Watched

It’s not made of matter
More like the feeling of being watched
The feeling of an empty hand on your shoulder with no warmth and no touch
Like the feeling that I’m missing something
And that things could have been different

 


-Ben

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Photography by Jakson Martins

Passing names

In all the passing names I’ve been called
I’ve never been called that
That little something that lingers on the lips
Chips by the tip of your tongue
Touch it, but never quite make it
Like food that you can taste without sustenance
Because you hate the fact that you can’t swallow
What deep down in the pit of your stomach, under the vine leaves,
Might be called the truth

 


Ben

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Stranger

Not normally one for a fight
I’d normally run into a fight with a spork (instead of a penknife)
Thinking I was being smart of something
Working laterally at the problem

Once I was asked to do a cartwheel
So I did a triple standing backflip and broke my neck
And I never wear a suit and tie for that reason

And I hover around normally about two feet in the air
It’s more comfortable up there, or maybe I’m just fixing world problems – who knows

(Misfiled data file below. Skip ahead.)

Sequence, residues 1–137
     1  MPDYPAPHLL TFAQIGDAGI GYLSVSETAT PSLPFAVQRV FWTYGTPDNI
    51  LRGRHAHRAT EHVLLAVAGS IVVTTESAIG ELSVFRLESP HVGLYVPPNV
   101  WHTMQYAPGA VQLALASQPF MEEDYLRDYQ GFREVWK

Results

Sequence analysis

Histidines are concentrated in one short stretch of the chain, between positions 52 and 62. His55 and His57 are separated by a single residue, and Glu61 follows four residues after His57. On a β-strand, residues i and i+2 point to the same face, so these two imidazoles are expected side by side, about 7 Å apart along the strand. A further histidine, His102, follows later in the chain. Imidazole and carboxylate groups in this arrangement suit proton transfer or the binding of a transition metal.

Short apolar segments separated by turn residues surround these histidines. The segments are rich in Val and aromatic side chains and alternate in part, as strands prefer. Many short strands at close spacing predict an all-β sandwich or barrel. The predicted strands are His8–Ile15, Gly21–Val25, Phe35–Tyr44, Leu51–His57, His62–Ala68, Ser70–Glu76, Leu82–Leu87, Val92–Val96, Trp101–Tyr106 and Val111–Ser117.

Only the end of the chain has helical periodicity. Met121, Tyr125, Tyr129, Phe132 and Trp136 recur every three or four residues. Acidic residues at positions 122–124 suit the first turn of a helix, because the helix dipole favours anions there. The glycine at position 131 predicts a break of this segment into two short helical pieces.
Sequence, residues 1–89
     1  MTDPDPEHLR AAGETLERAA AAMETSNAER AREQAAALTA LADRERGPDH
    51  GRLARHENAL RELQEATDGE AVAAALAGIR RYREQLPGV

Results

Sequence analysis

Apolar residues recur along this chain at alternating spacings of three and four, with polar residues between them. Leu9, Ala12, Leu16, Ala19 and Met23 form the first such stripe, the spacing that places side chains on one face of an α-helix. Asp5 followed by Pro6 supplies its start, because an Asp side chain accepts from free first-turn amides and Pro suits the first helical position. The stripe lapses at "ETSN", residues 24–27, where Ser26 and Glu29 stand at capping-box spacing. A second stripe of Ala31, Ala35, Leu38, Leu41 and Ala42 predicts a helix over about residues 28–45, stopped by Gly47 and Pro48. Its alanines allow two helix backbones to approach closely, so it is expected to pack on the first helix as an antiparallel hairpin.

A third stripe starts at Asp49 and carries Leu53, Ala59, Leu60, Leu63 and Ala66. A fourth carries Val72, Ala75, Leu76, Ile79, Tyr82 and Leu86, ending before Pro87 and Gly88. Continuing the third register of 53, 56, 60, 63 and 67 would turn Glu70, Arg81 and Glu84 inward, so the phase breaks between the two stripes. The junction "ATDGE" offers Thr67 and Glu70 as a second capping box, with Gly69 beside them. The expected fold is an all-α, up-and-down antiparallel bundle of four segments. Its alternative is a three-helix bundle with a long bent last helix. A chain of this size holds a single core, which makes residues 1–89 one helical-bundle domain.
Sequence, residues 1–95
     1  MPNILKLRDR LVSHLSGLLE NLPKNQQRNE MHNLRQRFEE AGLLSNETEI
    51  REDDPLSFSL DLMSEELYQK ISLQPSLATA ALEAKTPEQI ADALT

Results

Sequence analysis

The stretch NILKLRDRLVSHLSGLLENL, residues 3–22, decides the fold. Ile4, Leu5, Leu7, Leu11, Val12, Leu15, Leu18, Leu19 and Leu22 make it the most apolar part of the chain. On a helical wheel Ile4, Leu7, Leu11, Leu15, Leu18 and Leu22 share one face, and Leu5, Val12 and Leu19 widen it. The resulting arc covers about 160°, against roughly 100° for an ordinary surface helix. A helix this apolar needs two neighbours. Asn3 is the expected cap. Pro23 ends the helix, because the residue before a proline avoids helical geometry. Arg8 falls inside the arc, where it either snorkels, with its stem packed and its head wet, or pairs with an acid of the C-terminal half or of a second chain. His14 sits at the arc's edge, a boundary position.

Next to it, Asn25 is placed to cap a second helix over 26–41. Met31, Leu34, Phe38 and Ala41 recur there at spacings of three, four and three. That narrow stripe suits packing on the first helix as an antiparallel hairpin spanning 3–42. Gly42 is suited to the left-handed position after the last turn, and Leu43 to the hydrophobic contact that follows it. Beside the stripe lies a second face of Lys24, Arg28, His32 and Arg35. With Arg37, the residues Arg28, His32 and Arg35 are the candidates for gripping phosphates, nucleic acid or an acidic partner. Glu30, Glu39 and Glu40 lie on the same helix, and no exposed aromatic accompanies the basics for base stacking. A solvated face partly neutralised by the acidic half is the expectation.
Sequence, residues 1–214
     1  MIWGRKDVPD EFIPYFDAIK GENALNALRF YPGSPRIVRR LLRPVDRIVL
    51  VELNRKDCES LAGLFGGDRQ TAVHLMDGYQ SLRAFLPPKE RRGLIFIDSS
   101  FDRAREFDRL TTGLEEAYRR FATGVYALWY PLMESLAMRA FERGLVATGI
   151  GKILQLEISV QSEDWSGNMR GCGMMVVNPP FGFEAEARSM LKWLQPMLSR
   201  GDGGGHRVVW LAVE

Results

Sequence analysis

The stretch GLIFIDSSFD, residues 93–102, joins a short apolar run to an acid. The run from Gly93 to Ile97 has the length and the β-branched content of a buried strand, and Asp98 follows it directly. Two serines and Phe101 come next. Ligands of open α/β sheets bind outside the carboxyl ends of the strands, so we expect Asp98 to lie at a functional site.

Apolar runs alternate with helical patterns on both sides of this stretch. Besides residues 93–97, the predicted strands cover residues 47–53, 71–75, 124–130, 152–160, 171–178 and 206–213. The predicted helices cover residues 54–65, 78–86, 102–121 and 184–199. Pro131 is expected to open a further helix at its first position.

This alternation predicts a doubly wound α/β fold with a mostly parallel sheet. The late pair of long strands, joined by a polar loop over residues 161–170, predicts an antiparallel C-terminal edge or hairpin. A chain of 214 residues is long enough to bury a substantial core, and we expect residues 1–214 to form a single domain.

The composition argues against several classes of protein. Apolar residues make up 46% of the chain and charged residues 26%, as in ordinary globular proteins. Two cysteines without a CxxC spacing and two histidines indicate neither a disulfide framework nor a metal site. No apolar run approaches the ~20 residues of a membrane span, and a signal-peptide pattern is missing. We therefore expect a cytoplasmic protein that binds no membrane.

But I still go for a punch up with the local 10 legged tentacle monster down the cafe on Tuesday mornings, which gives me a good training for life tomorrow

 


-Ben

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Reading: The guidance of an older brother

A perspective on the art of reading

Reading is about possibility. Reading is about looking at a set of things that might happen to you so that you know what to expect when it does. A book says, ‘If you take a left and follow the river, there might be a cliff side. Here’s how you might go about getting down it.’

Reading is merely about identifying what to expect, and then bringing that foresight into the world of experience subtly.

A common fear is that if you read, it will take the magic out of the discovery. This is a false fear. Reading brings another perspective to the discovery. There is the feeling of discovery, which is magical. There is the unknown. And there is what you were expecting to experience. These three will never truly match up completely. If seemingly they do, then it is not difficult to add the magic back in. Anyone who has ever had a conversation in ‘gibberish’ with someone knows this.*

Going into the new year, consider reading as a mentorship from an older sibling: ‘This is what I’ve seen. This is what you might expect to see. This is how you might go about dealing with it. Take it or leave it!’


-Ben

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*If you don’t know this, then try it: Have a conversation with someone in gibberish, not thinking about the words, no filtering, just simply saying whatever comes to your head. Let the gibberish speak for you. The conversation topic can be about whatever you want. It will change your perspective on interaction.